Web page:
Sickness can be spread with a handshake or by way of a contaminated keyboard. In work environments, colds, viruses, the flu, and other illnesses can easily be transferred from one colleague to another. However, despite these facts, many employees in the United States still choose to go into their work, even when they are under the weather.

CBS News’ Aimee Picchi said that sick workers are going into work before they make a full recovery. Paid sick leave exists to curb this national problem, according to the National Partnership for Women & Families. The organization finds that failing to supply paid sick days is a public health problem.

Currently, only one state, Connecticut, offers paid sick leave. San Francisco, Seattle, and Milwaukee have also passed legislation that requires employers to give paid sick leave, while New York and Arizona are said to be considering similar laws. Employers are torn about this issue, considering that part-time retail workers, per say, may take advantage of it.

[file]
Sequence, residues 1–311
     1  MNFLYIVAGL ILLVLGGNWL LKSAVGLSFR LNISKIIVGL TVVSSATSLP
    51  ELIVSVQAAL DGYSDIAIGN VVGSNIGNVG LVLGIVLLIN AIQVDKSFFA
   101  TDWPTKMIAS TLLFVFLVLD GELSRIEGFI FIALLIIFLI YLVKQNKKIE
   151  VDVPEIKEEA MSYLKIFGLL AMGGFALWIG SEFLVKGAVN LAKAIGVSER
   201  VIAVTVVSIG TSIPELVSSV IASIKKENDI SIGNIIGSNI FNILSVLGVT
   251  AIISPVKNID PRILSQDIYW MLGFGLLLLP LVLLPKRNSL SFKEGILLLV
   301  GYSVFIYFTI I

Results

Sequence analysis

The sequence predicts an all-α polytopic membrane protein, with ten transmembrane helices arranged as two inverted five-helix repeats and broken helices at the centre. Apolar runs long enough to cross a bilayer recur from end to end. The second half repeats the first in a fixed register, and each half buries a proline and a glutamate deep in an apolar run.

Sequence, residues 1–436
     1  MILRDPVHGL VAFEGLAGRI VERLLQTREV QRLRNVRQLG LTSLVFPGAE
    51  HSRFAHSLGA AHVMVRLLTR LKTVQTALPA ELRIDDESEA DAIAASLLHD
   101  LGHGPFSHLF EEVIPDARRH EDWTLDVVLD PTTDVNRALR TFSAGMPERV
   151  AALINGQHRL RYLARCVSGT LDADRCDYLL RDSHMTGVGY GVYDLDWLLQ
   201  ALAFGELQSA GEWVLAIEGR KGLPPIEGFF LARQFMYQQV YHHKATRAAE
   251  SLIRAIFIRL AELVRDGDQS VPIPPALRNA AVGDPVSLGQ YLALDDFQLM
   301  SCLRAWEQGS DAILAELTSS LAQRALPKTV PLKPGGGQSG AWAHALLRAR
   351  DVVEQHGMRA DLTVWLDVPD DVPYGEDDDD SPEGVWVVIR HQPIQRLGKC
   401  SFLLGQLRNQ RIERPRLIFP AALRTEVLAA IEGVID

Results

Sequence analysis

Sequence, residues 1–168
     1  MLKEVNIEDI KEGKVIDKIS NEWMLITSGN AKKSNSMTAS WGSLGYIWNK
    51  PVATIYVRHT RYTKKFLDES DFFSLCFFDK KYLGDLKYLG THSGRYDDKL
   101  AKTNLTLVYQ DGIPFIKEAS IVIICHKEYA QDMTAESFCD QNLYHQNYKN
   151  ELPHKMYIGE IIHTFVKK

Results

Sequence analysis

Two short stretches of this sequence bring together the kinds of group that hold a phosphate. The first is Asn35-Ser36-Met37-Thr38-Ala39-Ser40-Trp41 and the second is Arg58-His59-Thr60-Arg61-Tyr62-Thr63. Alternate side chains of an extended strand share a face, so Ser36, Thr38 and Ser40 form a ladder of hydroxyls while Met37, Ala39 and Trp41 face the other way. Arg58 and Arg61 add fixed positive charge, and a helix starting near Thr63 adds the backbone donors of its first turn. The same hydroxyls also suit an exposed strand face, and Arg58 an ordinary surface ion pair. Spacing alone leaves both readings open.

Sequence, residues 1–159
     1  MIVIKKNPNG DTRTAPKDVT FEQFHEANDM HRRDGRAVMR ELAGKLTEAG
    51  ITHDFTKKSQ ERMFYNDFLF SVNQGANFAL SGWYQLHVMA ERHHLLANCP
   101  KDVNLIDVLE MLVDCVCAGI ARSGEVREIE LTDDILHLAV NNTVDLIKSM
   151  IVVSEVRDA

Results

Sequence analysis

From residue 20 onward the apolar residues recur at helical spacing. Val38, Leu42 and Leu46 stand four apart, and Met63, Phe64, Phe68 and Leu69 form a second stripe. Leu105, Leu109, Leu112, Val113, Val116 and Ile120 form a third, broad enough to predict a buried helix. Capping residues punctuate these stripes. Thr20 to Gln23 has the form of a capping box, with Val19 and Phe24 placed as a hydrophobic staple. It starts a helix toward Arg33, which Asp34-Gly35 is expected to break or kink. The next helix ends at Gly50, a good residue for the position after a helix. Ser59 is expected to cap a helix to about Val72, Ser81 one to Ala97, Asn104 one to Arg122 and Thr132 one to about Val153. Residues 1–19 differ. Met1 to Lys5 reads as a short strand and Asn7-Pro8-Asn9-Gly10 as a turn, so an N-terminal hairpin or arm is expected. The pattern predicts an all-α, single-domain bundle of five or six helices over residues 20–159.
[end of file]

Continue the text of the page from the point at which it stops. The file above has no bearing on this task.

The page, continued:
Picchi cited a study by NSF International that found that 25 percent of Americans go into work despite being sick. One third of employees will wait until their symptoms are in full effect before they take a day off.

Across the United States, 40 million workers don’t have paid sick leave, according to a study by the National Partnership for Women & Families. The reasons for going into work even when employees are feeling ill vary. Forty-two percent of respondents said that they wouldn’t take off because they had too much work to do. Thirty seven percent said it would be a strain on their finances to stay home.

Though 57 percent of workers would tell their colleagues to go home, a majority of the respondents said that they saw the sick employees who do show up as hard workers.

 

Written by Kylie Jane Wakefield

April 22nd, 2014 at 8:44 am

Posted in Legal News

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Tweeting For His Generation